Marie Maher of Indianapolis never imagined finding a babysitter for her young son would be so challenging. The founder of Lullaby Sitters—an online community that connected parents with 400 caregivers—went through interview after interview trying to find someone to look after her now-5-year-old son, Yves, who is on the autism spectrum, and his little sister.
She’d think the interview went great, but then the prospective sitter wouldn’t return her call. Or she’d hire a sitter and get called home when her son had what seemed like a tantrum. A little over a year ago, she took what she learned from Lullaby Sitters and launched Synapse Sitters to pair caregivers experienced working with children who have special needs with parents who need them.
Tell us about your background.
I’m a mom of two [4 and 5 years old]. I have a little boy and a little girl, and at 3 years old, my son was diagnosed being on the autism spectrum. I was a new entrepreneur, and I had launched an online babysitting network, and after more of his behaviors came out, we couldn’t use any of the sitters we had been recruiting for two years.
I didn’t know I’d love being an entrepreneur. I didn’t know I’d love using tech to solve problems. I don’t have a tech background. I just knew everyone is looking at their phones or computers, so if I could get on there and present a solution, I could help people. I needed sitters because I wanted to hang out with my friends.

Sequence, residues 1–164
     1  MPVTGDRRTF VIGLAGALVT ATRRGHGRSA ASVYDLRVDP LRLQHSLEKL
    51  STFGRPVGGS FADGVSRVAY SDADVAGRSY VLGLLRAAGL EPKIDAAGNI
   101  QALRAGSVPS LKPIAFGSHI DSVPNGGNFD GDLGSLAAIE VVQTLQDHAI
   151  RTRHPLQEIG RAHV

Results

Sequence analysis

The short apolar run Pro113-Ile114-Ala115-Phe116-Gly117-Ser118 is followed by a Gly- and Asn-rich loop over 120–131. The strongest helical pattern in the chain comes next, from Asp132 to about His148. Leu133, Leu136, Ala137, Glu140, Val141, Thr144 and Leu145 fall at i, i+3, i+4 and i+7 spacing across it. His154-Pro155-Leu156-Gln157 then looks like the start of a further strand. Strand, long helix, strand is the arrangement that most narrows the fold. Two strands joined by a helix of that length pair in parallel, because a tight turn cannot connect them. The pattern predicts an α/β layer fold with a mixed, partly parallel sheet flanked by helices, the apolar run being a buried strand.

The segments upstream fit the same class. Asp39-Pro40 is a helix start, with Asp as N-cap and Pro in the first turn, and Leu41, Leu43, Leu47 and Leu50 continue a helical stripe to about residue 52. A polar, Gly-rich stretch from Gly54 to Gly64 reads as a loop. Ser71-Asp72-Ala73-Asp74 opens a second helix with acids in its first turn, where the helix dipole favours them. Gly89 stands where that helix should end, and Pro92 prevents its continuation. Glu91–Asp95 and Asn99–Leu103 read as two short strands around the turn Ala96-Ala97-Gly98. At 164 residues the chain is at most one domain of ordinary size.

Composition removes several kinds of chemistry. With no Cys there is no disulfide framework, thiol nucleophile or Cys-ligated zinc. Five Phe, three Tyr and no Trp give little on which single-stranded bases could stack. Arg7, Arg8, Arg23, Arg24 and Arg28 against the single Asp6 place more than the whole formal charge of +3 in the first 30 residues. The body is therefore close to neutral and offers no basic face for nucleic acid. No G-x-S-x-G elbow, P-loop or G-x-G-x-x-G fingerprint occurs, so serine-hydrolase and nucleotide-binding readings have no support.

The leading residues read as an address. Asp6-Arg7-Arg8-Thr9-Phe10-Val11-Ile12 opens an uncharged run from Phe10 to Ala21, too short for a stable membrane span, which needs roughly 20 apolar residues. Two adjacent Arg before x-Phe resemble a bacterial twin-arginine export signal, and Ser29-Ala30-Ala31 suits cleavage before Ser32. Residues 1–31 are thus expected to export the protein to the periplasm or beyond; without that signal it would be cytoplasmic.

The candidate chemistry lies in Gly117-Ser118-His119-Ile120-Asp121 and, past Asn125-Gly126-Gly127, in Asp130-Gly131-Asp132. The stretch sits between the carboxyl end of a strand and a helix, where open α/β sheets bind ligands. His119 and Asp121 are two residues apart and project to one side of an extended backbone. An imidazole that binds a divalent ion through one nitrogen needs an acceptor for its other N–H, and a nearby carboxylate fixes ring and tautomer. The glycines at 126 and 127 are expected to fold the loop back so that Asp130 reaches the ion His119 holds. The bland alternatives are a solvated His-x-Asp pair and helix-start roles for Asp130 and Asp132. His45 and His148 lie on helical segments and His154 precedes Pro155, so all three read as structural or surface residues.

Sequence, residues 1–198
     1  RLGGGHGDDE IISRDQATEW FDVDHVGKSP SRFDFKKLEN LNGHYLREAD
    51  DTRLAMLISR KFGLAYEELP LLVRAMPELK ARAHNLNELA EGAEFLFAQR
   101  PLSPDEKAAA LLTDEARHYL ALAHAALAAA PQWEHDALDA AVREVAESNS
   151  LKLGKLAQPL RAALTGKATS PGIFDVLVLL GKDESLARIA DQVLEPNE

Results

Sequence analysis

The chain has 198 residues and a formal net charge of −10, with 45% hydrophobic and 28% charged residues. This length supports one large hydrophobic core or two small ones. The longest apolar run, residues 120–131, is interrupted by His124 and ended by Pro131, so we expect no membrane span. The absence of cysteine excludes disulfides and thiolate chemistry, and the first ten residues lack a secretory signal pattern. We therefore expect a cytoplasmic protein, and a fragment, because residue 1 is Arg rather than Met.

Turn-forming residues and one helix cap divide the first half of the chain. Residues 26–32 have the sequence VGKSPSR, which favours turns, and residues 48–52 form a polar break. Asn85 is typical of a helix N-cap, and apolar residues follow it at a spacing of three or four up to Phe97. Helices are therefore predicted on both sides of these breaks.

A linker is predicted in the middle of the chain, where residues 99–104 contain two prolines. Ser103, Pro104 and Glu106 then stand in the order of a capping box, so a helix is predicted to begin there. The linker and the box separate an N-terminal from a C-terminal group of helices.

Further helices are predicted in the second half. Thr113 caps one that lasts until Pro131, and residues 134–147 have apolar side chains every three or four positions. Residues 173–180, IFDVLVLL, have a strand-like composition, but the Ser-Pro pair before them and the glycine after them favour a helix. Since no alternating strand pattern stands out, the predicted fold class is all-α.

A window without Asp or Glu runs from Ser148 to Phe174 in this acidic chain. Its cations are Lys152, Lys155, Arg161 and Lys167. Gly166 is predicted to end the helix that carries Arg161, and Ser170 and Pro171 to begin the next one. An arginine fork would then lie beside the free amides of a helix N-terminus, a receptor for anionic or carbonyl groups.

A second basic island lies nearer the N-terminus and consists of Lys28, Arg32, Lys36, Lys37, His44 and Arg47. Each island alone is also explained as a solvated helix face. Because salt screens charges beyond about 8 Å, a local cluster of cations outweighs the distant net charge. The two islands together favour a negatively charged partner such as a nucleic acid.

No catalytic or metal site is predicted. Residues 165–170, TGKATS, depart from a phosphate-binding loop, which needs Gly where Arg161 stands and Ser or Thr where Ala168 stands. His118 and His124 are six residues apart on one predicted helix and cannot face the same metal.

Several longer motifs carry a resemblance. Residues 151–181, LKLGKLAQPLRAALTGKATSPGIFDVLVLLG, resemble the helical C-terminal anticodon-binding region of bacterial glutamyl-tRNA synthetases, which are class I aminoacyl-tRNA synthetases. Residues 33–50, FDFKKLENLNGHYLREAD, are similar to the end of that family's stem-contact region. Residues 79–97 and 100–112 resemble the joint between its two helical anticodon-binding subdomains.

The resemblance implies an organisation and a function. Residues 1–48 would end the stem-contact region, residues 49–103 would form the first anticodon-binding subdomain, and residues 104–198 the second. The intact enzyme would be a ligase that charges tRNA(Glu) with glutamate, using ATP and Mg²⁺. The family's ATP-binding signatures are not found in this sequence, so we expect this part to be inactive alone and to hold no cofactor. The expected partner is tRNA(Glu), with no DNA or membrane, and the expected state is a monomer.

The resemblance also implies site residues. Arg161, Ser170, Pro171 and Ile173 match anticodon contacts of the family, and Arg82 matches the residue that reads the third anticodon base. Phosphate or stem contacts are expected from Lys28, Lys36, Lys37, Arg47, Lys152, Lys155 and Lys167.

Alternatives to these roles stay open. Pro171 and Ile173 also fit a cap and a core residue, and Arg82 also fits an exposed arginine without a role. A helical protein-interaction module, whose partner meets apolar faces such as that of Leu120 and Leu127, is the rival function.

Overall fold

How does Synapse Sitters work?
Parents and sitters can sign up and they can create profiles. They list a short bio, expectations, availability and then they can actually begin communicating and connecting on our app. Parents pay a monthly fee of $29.95 to join, and that gives them access to our network of prequalified sitters. It is free for our sitters to join; however, we need to verify they have some sort of background in human services and that can be education or employment.
Why did you start the website?
Before we started realizing we needed a different kind of sitter, I would get either called home because the sitter thought [my son] was having a tantrum, when really he’s trying to communicate something—he’s just doing it a different way. Or I would go to these sitter interviews … and I would say, ‘My son is on the autism spectrum’ … and I would watch the person change. I could tell the candidate was uncomfortable. So, I would text and either they wouldn’t respond or they were consistently unavailable.
One sitter … said she watched a kid one summer on the spectrum. She said, ‘I would love to get to know your son.’ I thought the sun and moon just sat with this girl. I thought, ‘Who are you and where are more people like you?’ Suddenly, I was getting what everyone else had simply because she understood his behaviors and what our family needed. … My husband thinks this is the greatest thing I’ve ever done because we got our lives back.
How do you find babysitters?
We partner up with [university advisers and] places where children would get therapies—so, [applied behavioral analysis] centers, pediatrician offices. Trusted points where people need referrals.
Any idea how many people use the app?
As far as hired, I’m not sure, but I do know we’re approaching 300 prequalified sitters here in Indianapolis. We’ve had over 100 parents join, and we’ve had a handful of those parents come back to find other sitters because theirs went back to school or there was a change.•